Modern parents spend a small fortune when time for back-to-school shopping rolls around, making it the second-busiest shopping season in the United States. According to the National Retail Federation, the back-to-school shopping season is second only to the winter holidays in terms of consumer spending, and the projected average amount parents will spend grows with every passing year. As the economy struggles to rebound, fuel prices climb and a record-breaking drought threatens a spike in food costs, parents are forced to save money in any way that they can. These ten tips can help you preserve your budget and still send kids into a new school year with everything that they need.
- Check Your Existing Supply – Common items like rulers, kid-safe scissors and pencils are probably scattered around your home and taking up space in your home office, where they rarely see use. Before shelling out money for more of the same items you already have on hand, take the time to survey your current inventory.
- Watch Your Mailbox – Leading up to Labor Day, major retailers start sending out advertising circulars at a staggering pace. While you might ordinarily disregard these promotional mailings, the back-to-school season is a great time to pay more attention to them.
- Brave the Crowds on Tax-Free Shopping Days – Some states offer tax-free shopping holidays (we have that here in Texas) to encourage more retail spending and relieve some of the financial burden for the cash-strapped parents of students, making these days great money-saving opportunities. If you’re brave enough to fight the crowd of similarly-minded shoppers, retailers often run select items at a discount to further encourage lucrative back-to-school spending.
- Skip Non-Essentials – Making a policy regarding non-essential items before you take your child shopping is an effective way to save money without risking a sullen tween or cranky elementary student when you veto these purchases. Whether you limit non-essentials to one item per child or require kids to pay for extras out of their own allowance, it’s important that you stick to your guns when you’re in the store.
- Buy Plain and Personalize – Virtually identical items can have a dramatic price difference when a brand-name item is more colorful, so make a habit of purchasing standard supplies and encouraging your children to personalize them. Kids with an affinity for arts and crafts may actually prefer this method, as it allows them to express their originality with one-of-a-kind items.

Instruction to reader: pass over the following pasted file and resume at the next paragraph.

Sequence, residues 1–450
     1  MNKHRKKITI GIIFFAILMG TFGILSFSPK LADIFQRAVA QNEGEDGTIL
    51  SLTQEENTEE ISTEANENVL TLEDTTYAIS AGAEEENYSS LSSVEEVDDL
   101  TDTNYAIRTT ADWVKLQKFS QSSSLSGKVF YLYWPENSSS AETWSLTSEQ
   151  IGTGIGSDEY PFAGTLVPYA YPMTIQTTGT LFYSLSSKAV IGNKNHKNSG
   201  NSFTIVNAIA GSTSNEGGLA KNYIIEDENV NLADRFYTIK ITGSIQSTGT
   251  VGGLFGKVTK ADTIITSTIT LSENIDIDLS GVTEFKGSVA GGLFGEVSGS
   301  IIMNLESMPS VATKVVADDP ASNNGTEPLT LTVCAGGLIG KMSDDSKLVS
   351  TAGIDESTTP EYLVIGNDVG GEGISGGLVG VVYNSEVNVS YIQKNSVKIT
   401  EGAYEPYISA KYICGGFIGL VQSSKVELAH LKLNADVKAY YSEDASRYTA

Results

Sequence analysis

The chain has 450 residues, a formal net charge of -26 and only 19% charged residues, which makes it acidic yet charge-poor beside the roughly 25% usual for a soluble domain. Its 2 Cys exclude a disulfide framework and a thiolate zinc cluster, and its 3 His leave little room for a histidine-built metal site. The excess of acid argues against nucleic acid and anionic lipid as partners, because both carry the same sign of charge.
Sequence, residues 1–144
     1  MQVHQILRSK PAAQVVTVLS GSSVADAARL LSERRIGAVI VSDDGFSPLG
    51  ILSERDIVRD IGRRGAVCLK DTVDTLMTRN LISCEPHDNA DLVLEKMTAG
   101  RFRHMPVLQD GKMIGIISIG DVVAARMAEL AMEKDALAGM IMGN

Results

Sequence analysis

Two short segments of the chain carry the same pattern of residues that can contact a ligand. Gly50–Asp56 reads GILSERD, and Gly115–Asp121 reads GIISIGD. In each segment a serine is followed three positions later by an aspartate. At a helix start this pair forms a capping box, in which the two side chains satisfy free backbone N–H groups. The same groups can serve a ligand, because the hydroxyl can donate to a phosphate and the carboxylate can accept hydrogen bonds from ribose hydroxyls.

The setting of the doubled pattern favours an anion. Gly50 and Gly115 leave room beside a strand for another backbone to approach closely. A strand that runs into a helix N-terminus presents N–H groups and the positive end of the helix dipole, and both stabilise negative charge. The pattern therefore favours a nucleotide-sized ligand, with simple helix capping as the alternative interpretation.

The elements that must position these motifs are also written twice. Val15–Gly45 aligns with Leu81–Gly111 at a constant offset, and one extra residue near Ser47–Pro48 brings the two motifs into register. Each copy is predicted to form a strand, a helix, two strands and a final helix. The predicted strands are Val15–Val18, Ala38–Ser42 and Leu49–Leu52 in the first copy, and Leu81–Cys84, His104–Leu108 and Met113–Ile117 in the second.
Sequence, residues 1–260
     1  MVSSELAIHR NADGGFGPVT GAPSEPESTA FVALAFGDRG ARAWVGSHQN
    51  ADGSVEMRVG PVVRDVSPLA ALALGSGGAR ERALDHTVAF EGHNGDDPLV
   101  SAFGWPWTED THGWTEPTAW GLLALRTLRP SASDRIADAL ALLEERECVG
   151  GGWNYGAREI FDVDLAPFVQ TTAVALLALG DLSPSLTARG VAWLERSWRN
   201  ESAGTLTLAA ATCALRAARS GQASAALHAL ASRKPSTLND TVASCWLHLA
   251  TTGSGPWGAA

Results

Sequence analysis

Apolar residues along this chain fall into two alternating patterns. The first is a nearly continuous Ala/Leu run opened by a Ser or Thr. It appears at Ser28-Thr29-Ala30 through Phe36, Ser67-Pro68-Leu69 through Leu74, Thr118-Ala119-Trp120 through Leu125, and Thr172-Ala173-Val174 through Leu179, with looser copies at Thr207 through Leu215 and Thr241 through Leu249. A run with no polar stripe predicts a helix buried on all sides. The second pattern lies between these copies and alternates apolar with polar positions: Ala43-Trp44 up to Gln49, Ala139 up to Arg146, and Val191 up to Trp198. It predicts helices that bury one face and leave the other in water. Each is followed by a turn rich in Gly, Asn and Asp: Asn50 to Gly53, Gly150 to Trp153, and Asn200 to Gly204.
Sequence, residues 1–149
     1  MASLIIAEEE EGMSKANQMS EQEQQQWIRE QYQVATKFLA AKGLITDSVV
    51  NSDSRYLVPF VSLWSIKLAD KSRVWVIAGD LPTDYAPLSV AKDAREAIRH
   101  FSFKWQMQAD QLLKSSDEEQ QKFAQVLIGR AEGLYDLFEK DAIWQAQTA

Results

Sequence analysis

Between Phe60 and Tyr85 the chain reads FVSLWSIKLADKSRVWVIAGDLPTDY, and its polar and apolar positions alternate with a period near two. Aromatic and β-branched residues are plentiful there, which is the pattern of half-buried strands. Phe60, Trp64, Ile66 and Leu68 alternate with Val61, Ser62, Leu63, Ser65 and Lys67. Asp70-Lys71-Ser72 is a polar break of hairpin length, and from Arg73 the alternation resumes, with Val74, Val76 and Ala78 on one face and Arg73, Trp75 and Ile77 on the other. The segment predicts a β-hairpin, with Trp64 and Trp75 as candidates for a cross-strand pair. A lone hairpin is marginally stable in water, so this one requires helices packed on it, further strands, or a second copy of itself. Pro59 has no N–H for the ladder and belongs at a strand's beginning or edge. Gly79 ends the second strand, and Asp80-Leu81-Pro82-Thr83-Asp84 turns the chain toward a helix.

- Choose Well-Made, High-Quality Items – A cheap backpack is no bargain if you’re forced to replace it before winter break, so make sure that you spring for better quality options when craftsmanship makes a difference.
- Wait for the Teachers’ Lists – While it can be tempting to scoop up school supplies throughout the summer, it’s wise to restrict early purchases to the things that you’re absolutely certain about, like paper and writing instruments. Any other purchases, especially pricier supplies, should wait until teachers release their lists to ensure that you don’t buy unneeded items.
- Put Your Smartphone to Work for You – Whether your smartphone operates on the iPhone or Android platform, there are an almost endless array of apps dedicated solely to helping users find the best prices on specific items. Many of these apps are free, so it won’t cost you a penny to save big.
- Hit Discount Stores – Don’t neglect the discount dollar stores in your area. Some of their items, especially standard ones like pens and pencils, are of comparable quality to more expensive brands at a fraction of the price. Rather than paying a premium for these supplies through big-box retailers, look over their selection first.
- Buy in Bulk – If you have a large family, buying notebooks, pencils, pens and other staple supplies in bulk could be an ideal arrangement. In most cases, you can buy enough to keep your kids stocked up for the entire school year. A trip to your local Sam’s Club could save you a bunch of money over the course of the year.
Make sure that you hold onto school supplies at the end of the year, as there are many items that don’t necessarily have to be replaced every year. Many items that are still serviceable can be reused, even if it requires a bit of personalization to get your kids interested in carrying them again.